Use the same process for the other shape (the aquamarine-colored one).

Now we have to create the middle part of the bow — the knot. Grab the Pen Tool and draw a shape that looks like a distorted circle. Give it a golden radial gradient.

Let’s add golden stripes to the bow, just like with the ribbons.  Grab the Pen Tool (P) and draw the paths shown below.

Select the paths and then go to Object > Expand.

Duplicate the upper shape of the bow twice. Select one of the copies of the bow and one green stripe and then hit the Intersect button in the Pathfinder Panel.

Do this for the bottom part of the bow too.

After completing the stripes, your bow should look like this:

Give the stripes a golden linear gradient. We also need two stripes for the knot of the bow. Just repeat the technique above to create them.

Select the left side of the bow (don’t include the knot that’s in the middle) and group them. Choose Object > Transform > Reflect. Select Vertical for the Axis option and then press the Copy button.

Place the reflected copy on the right side. Scale it down a bit to match the perspective of our artwork.

Select all the components of the bow with the Selection Tool (V) and group them (Ctrl/Cmd + G). Place the bow on the gift box cover and adjust its position and angle as needed.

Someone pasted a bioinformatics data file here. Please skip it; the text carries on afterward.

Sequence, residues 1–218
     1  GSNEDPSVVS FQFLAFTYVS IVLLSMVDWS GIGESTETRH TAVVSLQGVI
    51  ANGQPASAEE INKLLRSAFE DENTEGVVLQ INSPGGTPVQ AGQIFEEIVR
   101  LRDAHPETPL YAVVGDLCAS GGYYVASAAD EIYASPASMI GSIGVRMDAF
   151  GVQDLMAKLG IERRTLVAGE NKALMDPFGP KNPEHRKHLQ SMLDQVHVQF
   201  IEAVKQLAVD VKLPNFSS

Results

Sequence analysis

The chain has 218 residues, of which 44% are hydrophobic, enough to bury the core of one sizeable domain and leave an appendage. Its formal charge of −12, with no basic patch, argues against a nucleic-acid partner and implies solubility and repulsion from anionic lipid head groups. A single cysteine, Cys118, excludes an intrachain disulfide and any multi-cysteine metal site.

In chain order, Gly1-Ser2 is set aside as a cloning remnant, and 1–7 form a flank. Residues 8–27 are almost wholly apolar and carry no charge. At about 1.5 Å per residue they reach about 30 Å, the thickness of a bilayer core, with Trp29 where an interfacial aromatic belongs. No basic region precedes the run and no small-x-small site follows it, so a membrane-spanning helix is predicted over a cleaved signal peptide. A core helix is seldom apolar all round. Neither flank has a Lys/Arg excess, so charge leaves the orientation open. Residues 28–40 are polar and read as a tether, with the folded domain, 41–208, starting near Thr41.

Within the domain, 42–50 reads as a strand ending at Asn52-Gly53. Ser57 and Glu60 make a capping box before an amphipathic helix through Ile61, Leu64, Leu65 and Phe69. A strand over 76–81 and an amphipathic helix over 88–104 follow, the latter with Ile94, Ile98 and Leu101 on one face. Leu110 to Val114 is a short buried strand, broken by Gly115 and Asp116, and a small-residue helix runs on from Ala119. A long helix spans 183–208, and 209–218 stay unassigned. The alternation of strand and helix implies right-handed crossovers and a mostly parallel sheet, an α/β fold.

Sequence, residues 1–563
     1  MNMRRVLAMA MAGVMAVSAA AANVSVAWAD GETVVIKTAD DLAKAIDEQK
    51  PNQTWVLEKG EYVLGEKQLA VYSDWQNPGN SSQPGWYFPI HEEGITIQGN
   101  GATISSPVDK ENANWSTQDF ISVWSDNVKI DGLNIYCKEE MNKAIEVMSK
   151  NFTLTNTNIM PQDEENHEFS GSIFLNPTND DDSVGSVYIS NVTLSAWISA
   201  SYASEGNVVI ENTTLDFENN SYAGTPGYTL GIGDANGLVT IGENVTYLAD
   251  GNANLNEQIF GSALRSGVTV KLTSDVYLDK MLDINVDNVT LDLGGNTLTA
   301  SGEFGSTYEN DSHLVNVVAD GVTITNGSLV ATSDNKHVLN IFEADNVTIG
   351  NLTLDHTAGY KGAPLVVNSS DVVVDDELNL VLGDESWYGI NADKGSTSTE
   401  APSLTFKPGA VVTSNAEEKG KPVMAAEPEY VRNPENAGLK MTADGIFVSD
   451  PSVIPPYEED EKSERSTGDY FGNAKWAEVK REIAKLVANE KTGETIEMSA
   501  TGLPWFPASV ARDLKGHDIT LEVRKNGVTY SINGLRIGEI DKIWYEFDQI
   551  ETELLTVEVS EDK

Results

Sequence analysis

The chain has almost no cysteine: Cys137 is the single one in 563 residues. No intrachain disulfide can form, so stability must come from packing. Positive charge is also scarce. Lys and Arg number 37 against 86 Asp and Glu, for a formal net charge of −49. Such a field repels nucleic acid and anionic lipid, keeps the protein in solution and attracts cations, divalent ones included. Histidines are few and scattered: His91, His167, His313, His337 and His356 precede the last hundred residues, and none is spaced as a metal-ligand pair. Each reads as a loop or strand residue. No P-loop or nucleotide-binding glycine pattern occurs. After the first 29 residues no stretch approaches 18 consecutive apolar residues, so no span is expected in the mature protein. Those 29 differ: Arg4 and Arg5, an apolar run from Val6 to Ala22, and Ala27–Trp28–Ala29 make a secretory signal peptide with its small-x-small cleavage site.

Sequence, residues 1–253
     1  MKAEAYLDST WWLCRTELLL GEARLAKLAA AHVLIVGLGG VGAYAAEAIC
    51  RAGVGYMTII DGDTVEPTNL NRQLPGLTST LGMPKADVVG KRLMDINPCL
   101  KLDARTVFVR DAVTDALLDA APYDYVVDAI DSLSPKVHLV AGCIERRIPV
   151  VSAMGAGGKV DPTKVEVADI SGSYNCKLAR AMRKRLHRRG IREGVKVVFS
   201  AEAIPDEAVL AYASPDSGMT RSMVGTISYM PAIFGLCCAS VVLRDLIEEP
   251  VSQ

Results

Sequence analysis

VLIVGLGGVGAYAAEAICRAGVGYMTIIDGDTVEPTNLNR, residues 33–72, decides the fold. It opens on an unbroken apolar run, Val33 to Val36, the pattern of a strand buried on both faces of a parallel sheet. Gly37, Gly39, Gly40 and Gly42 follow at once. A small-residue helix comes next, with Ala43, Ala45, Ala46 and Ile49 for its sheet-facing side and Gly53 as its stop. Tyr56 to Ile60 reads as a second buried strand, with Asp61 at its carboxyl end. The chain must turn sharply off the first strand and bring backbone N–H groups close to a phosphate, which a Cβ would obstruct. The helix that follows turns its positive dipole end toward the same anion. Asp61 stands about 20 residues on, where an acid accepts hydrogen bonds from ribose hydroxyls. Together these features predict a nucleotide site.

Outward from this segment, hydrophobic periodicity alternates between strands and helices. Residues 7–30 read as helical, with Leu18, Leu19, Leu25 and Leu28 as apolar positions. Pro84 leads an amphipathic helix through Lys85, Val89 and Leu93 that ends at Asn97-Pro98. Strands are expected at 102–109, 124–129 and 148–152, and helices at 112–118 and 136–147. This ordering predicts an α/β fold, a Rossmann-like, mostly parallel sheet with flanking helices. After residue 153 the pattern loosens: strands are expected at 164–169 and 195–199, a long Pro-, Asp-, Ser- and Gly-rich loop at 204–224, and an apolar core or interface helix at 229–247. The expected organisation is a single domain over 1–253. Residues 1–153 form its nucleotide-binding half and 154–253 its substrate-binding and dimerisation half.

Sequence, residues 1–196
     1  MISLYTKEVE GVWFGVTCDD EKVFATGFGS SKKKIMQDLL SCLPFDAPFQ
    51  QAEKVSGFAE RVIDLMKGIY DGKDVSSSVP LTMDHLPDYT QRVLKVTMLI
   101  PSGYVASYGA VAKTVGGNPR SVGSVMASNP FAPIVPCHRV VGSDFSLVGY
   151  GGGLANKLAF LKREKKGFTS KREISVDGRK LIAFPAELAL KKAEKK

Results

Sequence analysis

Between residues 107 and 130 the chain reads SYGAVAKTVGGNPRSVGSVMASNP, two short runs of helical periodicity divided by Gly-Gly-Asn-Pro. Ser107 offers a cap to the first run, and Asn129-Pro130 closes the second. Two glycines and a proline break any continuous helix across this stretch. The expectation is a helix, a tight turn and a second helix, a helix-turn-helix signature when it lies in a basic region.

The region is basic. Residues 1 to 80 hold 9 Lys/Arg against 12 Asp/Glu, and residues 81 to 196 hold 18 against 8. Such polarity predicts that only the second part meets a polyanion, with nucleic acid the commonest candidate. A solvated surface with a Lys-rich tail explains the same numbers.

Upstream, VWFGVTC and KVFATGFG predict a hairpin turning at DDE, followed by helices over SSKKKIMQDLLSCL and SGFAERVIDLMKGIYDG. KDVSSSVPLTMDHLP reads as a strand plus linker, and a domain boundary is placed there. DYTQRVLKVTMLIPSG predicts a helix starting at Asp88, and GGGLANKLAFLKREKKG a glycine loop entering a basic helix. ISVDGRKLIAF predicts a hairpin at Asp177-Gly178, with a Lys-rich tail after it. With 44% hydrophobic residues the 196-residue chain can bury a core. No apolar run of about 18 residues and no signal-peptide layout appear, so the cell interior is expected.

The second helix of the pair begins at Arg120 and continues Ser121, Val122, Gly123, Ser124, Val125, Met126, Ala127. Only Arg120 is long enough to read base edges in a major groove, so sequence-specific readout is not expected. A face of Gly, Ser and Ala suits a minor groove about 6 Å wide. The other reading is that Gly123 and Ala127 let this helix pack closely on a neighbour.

Use Object > Envelope Distort > Make with Mesh, and set the value for Rows and Columns both to 1.

Grab the Direct Selection Tool (A) and adjust the corner transform controls.

Step 9: Add Shadows

Let’s fine-tune our work as the final step by shading parts of it. We can add some shadows to make our work more interesting as well as to mimic real lighting conditions. Grab the Pen Tool (P) and draw the shadow shapes shown below. Use various tones of gray to fill the shadows with the appropriate shade.

Tutorial Summary

I hope you found this Adobe Illustrator tutorial to be useful. It might seem like a lot of work, but actually, when you break it down into the components above, it’s really not. Just pay attention to the details and try to make your artwork mimic real-life conditions (like lighting, shadows, and highlights) if that’s the look you’re after.

Thanks for reading!

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Author:

Jasmina is a freelance graphic designer from Serbia. Her passion is in vector illustration and motion graphic design. One of her favorite things to do is creating icons in Adobe Illustrator. In her spare time, she likes to read comic books and listen to 60s music. Check out her portfolio website, muschmule. Also follow her on Twitter @muschmule.